If you kindly recall, you yourself stated in your article on “Ignorance – not so obvious” that “A new word ‘ignorance’ was introduced to refer to the state of ‘not knowing’ but then, because the word became so much a part of everyday usage, we started to think that there was an actual thing called ‘ignorance’. ”
You also conceded by admitting that “I said in ‘Back to the Truth’ that it is ‘ignorance of our true nature’ that is the reason for saMsAra. What I should perhaps really say, to avoid this confusion, is that it is ‘failure to recognize our true nature’ that is the reason.”
Shankara is unequivocal at several places in BSB about his stand on “ignorance.” For example, At 2.1.22, sUtra bhAShya, Shankara observes:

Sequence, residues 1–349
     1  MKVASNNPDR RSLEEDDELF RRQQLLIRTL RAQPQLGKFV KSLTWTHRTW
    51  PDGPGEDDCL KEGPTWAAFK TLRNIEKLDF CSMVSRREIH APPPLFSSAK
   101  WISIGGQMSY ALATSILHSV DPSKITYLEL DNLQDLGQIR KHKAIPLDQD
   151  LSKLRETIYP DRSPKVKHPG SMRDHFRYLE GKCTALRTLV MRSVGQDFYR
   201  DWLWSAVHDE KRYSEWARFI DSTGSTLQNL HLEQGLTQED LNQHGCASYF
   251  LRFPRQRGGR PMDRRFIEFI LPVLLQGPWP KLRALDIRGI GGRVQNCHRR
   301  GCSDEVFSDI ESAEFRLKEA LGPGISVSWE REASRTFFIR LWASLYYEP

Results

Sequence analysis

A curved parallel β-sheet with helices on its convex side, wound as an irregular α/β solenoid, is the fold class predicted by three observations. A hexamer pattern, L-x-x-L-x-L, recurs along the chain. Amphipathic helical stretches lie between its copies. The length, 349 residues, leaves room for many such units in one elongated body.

“अविद्याप्रत्युपस्थापितनामरूपकृतकार्यकरणसङ्घातोपाध्यविवेककृता हि भ्रान्तिर्हिताकरणादिलक्षणः संसारः, न तु परमार्थतोऽस्तीत्यसकृदवोचाम — जन्ममरणच्छेदनभेदनाद्यभिमानवत् ;
Meaning: We have stated more than once that the mundane existence, characterized by the non-accomplishment of beneficial results etc., is an error arising from the non-recognition of the difference (from the self) of the limiting adjunct constituted by the assemblage of body and senses which are a creation of name and form called up by ignorance. It does not exist in reality. This (false notion) is of a piece with the notions that one has birth, death, injury, wound etc.” (Translation: Sw Gambhirananda).
Thanks for the extended, thougtful response!